Aussie dad Ben Pobjie found tapping into his experiences as a son helped guide him as a new father.
The title of the Australian film The Sum of Us refers to the idea that our children are made up of all the parts that we pass down to them — we are responsible for who they become.
Thinking about parenting this way is daunting, but once your first child is on the way, it’s impossible to not become consumed by thoughts of just what you’re going to pass on to the next generation.
If our children are the sum of us, just what will your contribution to that sum be?
Some of this you feel on solid ground handling. It’s important, for example, to stress the importance of kindness — when we teach our children to share, to be polite, to treat other children the way they want to be treated.
With all my children I’ve tried to put the greatest stress on kindness above all character traits, and I firmly believe that focusing on this from an early age is the right way to go.
It’s simple enough to speak of kindness, courage, happiness — the broad strokes that everyone can agree are what a person should be — but not everything is so obvious or so simple.
So many things go into making a human being, and each one is something else to fret about when it comes to instilling the right values in a child.
I think this ate away at me all the more keenly for the fact my first child was a son. Whether it was based in any kind of reality or not, when I knew I would be father to a son, I felt an almost-suffocating pressure as I contemplated the responsibility of having to teach the boy “how to be a man”.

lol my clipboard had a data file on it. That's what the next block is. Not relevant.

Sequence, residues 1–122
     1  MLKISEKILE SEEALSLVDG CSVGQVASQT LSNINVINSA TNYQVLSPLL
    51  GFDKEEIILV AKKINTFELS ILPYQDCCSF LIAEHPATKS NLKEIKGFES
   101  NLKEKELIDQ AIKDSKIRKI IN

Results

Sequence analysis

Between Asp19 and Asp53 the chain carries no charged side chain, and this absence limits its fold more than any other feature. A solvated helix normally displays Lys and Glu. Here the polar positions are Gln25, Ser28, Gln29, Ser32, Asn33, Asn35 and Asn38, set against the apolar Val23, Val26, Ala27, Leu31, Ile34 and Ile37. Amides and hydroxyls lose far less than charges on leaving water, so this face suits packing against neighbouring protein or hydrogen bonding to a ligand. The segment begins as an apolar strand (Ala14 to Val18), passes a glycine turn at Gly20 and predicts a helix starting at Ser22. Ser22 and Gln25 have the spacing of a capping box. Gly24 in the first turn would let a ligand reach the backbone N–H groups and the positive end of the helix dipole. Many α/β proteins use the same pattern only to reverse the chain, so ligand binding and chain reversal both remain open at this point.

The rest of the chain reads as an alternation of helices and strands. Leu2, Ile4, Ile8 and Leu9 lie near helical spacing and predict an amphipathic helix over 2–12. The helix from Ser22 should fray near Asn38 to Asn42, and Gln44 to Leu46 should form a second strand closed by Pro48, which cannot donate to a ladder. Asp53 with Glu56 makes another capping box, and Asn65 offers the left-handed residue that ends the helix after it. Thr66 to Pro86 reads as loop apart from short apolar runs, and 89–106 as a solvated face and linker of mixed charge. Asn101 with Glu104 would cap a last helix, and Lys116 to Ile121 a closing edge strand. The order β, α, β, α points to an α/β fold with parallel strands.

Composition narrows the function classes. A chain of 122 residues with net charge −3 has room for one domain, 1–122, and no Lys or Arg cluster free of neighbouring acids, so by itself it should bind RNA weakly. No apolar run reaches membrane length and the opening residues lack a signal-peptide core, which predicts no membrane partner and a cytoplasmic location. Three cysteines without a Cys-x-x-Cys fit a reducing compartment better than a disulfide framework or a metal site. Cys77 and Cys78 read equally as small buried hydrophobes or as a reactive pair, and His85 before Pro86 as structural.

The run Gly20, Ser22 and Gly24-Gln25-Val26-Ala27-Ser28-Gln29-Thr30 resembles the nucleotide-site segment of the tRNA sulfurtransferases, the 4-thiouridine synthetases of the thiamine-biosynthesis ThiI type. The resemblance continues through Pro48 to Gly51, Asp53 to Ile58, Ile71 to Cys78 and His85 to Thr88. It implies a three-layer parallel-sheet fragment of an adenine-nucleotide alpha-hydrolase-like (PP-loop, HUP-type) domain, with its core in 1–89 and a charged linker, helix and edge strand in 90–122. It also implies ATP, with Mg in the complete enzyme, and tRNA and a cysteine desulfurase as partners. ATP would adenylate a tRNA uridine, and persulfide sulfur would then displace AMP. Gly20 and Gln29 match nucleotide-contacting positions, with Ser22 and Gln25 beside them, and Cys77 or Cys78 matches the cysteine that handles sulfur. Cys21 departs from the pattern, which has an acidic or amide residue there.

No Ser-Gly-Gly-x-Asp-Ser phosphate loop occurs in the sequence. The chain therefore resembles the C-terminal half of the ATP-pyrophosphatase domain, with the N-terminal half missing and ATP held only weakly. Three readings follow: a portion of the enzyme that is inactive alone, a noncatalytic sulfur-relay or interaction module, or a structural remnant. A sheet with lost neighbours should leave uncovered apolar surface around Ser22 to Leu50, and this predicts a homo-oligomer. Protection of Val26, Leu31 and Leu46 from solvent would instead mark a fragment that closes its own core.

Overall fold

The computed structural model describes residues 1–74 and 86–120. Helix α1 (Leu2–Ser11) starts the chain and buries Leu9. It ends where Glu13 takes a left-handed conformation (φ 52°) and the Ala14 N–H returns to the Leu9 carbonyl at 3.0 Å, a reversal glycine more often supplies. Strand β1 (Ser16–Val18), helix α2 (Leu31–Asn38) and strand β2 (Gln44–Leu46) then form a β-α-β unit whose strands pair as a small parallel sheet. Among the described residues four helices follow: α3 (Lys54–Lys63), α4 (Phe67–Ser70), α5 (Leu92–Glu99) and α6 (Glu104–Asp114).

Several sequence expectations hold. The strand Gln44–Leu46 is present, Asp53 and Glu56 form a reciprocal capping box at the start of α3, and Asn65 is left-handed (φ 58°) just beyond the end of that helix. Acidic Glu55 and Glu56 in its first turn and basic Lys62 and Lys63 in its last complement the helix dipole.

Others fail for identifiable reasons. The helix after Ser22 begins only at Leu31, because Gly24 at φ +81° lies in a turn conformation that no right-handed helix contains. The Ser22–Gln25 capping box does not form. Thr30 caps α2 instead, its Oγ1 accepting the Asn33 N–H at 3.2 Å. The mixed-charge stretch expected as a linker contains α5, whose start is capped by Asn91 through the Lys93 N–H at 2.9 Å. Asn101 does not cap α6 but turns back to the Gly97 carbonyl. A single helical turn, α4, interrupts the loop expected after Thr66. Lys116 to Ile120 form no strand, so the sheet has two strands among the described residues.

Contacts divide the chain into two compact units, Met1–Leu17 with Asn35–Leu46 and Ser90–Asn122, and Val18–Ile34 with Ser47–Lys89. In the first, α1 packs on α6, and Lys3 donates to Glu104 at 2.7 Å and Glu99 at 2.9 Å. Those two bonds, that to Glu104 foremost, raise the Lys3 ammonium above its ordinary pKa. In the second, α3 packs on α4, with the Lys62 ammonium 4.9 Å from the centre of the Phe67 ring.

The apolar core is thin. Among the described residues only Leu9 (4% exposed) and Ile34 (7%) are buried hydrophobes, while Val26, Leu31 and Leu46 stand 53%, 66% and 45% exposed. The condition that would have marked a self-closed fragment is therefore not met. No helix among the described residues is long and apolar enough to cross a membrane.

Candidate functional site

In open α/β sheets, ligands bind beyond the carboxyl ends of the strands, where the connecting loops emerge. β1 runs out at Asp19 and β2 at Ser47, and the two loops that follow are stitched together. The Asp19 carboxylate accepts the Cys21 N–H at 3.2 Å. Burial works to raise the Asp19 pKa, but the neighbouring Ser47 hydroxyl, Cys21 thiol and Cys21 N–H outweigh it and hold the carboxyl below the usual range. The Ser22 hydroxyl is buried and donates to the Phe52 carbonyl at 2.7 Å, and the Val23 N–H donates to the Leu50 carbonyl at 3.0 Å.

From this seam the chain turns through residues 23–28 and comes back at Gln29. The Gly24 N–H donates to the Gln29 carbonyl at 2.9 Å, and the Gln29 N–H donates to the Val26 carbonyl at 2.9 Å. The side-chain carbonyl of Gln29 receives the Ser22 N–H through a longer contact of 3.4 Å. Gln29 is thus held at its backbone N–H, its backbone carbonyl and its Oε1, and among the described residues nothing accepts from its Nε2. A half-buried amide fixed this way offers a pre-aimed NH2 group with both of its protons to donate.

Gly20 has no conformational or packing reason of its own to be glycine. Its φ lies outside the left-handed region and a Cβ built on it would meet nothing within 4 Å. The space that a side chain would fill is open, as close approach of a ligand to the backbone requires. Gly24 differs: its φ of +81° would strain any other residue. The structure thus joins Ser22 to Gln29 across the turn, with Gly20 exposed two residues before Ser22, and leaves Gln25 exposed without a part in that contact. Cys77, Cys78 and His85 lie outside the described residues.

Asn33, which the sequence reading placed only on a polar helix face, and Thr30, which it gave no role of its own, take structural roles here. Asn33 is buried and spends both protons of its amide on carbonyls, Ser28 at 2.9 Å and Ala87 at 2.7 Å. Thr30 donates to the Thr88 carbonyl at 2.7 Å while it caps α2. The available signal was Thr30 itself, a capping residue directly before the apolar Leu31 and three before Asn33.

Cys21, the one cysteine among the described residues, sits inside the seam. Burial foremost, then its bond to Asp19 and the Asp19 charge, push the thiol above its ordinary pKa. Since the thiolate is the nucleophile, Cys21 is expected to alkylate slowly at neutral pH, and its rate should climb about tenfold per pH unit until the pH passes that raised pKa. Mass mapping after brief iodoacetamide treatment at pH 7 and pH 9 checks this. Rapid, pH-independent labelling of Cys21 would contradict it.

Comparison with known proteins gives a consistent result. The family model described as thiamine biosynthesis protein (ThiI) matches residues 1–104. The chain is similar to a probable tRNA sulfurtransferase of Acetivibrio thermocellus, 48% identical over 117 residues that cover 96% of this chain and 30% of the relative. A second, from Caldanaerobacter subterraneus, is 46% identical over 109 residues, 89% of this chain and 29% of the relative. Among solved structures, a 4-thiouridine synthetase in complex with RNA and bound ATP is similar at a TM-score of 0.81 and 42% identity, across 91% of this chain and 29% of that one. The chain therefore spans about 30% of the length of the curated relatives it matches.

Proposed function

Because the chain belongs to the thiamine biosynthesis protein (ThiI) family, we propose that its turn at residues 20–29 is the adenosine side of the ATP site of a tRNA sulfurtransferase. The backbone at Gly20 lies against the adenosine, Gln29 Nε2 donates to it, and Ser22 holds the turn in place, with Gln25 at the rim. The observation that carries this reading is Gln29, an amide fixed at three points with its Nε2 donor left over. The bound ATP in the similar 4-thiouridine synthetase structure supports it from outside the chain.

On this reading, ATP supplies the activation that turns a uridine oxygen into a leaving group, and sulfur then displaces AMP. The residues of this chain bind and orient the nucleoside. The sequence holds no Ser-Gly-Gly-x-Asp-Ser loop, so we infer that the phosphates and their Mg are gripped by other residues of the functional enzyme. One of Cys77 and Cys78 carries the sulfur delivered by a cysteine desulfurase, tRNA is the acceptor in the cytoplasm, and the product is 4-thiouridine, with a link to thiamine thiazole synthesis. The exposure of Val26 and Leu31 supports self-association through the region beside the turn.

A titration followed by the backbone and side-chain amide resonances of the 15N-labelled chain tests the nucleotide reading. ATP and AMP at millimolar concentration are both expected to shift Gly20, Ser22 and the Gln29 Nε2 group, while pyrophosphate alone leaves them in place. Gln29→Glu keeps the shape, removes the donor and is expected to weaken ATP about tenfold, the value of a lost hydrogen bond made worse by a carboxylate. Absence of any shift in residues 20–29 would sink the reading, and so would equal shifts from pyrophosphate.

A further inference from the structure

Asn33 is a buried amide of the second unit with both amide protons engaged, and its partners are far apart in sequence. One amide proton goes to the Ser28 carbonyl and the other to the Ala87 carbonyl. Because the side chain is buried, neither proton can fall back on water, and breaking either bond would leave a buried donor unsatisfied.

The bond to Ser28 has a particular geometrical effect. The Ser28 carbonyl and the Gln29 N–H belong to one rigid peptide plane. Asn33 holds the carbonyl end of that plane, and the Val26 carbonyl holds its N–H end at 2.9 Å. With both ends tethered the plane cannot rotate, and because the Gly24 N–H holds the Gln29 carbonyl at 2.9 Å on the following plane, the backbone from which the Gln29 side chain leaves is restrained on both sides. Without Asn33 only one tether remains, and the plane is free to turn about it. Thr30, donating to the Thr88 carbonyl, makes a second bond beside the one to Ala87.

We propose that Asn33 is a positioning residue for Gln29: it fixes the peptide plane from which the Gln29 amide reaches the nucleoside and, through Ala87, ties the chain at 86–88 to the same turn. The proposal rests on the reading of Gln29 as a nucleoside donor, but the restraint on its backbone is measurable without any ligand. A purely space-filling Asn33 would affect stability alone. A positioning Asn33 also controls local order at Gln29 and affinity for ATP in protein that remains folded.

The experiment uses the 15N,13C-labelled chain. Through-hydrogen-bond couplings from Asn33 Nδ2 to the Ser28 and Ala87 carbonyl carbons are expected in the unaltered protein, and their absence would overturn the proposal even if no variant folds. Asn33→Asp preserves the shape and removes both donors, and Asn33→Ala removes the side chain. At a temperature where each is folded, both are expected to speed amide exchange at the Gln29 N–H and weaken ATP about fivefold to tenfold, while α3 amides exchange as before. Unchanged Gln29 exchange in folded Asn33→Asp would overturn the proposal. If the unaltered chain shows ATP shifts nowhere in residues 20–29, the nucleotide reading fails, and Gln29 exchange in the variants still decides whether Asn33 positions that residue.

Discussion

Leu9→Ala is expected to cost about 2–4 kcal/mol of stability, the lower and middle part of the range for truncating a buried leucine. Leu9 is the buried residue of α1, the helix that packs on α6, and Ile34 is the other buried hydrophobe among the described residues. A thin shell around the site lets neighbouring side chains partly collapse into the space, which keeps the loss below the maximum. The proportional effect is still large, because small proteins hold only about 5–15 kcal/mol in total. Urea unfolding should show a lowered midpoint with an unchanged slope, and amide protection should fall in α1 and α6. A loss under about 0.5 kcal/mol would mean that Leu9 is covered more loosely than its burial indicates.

How could I possibly do that when I didn’t really know how to be a man myself? It was the universal parental anxiety (how can I take charge of a whole new life when I haven’t yet figured out how to live my own?) refracted through the prism of my own worries about masculinity, and what it means.
Moreover, throughout humanity you’ll find wide disagreement on what’s most important in fathering, and the approach a dad should take.
That disagreement is fine, it’s OK that not everyone has exactly the same approach. What’s tricky is picking your own way through the various theories and finding your own path as a father.
It’s important for a man to be an individual as a dad, but equally important to take on board all the influences and resources available to him, and find the way that works for him and his kids.
Should I teach my son to be stoic and resilient, the classic macho Aussie bloke? Should I teach him to be sensitive and intellectual? Should I teach him it’s okay to cry when you feel like it, or that it’s better to fight that feeling?
Should I teach him to be like me, to emulate what I like about myself, or should I try to mould a totally different person, to avoid the flaws I see all too clearly in myself?
And in the end, how much control do I have over what I teach him anyway? What are the unintended consequences that could flow from any attempt to steer him in a particular direction?
To some extent this pressure is eased once the baby comes along and these philosophical concerns get pushed into the background by the practical realities of day-to-day parenting. Feeding, changing, trying to grab a few hours’ sleep … these things are the priorities.
But sooner or later a father has to ponder the nature of fatherhood: how will I father, and what impact will my fathering have on the person growing before my eyes?